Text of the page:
senator sponsors. The event, called the "weenie pull," involves hot
dogs, motorcycles and women. We'll leave the details to our
your imaginations warm? Then you may be able to conceive of Idaho's
militia movement cozying up to state legislators to talk politics,
give money, and perhaps discuss the relative merits of cowboy boots
and jackboots. Samuel Sherman and friends want to form a Political
Action Committee. This is the same Samuel Sherman who was quoted in
the Boise Weekly as saying, "Go up and look legislators in the
face, because someday you may have to blow it off." Some
legislators are understandably lukewarm at the prospect of getting
together over coffee, or anything, for a chat.
In other news from Idaho, Republican Rep. Helen
Chenoweth blasted grizzly bear reintroduction in a column in the
Washington Times. Chenoweth, always good for a fresh viewpoint on
ecology, wrote that reintroduction might bar people from 5,500
square miles in Idaho and
"To minimize conflict
between man and the grizzly, vehicle travel, camping, hiking,
hunting, fishing or any other kind of human activity will likely be
restricted, if not eliminated," she wrote.
Koch of the U.S. Fish and Wildlife Service demurred. "That is
completely false," he told the Idaho Statesman. "All you need to
recover grizzly bears is not to kill them."
In an apparent attempt to minimize conflict
between man and the cow, a herd of seven Herefords from Alberta
lumbered away from a Canadian customs checkpoint into the
hinterlands of northern Idaho last summer. Frustrated, their owner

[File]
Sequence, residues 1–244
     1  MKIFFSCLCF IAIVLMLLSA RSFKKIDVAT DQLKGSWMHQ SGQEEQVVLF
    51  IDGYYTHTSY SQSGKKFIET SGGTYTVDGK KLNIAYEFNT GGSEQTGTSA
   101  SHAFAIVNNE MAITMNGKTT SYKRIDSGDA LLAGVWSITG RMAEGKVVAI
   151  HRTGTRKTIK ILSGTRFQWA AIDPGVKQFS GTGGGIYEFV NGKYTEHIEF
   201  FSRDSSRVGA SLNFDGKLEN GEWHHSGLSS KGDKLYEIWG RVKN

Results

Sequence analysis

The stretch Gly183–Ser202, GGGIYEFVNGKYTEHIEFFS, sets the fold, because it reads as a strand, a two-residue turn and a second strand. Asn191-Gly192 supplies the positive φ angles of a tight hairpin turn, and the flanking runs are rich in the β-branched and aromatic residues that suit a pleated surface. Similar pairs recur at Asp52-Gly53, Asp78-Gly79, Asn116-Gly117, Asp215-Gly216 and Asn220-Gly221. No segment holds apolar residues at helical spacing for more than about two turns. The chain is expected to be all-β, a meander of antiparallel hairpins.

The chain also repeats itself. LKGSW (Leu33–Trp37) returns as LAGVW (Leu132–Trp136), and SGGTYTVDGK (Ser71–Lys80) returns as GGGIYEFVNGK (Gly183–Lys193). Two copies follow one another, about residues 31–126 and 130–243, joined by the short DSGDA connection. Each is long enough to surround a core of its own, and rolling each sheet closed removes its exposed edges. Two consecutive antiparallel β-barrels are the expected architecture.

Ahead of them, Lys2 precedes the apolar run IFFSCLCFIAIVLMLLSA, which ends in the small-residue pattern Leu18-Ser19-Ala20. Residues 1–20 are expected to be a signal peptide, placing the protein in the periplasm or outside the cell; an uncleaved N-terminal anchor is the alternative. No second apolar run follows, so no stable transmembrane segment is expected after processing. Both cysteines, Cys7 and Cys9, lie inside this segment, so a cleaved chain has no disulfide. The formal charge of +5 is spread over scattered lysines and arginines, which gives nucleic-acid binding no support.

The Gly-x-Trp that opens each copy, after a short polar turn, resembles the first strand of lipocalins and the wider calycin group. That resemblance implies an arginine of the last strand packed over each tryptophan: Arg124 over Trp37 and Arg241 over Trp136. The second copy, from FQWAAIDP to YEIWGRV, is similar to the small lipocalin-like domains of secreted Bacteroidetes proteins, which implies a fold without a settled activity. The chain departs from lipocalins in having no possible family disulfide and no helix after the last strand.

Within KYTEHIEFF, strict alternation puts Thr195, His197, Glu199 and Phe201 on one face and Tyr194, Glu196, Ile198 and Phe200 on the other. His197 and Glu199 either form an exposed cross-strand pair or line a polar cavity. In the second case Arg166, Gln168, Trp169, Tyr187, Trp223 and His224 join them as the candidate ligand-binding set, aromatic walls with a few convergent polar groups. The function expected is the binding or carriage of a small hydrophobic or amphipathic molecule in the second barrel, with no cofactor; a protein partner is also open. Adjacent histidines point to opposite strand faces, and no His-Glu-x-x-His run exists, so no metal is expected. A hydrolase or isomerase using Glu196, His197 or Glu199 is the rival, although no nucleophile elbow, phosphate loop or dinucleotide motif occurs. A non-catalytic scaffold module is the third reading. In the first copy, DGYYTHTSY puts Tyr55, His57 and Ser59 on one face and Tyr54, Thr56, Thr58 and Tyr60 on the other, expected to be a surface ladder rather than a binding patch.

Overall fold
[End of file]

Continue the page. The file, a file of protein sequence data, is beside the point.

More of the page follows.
gave up the search in November, declaring open season on the
renegades. The efforts of local hunters to bag a bovine were
equally fruitless. It took a pair of visiting New Yorkers who were
hunting deer to find six of the cattle on Harvey Mountain, north of
believe what we were seeing," Greg Niewieroski of Watertown, NY,
told the Spokane Spokesman-Review. "We looked at each other and
said, "Holy cow!" "
Then they each dropped a
1,500-pound cow, New York style - with a shot to the
The thought of large
moving objects disappearing into thin air naturally leads us to
Denver International Airport. This month's tragicomic episode
highlights traffic control.
"You've never lived until
you've got 10 or 15 airplanes pointed at each other at 400 miles
per hour, and the screen goes blank," Michael Coulter, president of
the Denver chapter of the air traffic controllers union, told The
Denver Post. Radar systems at the new airport broke down on 135 out
of 181 possible days, according to tower logs obtained by the Post.
Among the failures: Airplanes taxiing on the ground disappeared
from sight, while weather tracking screens sounded alarms that
couldn't be shut off or flashed a big red X that obscured all other
information. Perhaps the four Herefords, thought to be at large in
Idaho, are actually somewhere on DIA's runways, being mistaken for
Lisa Jones and Diane Sylvain
Heard around the West invites readers to get involved in the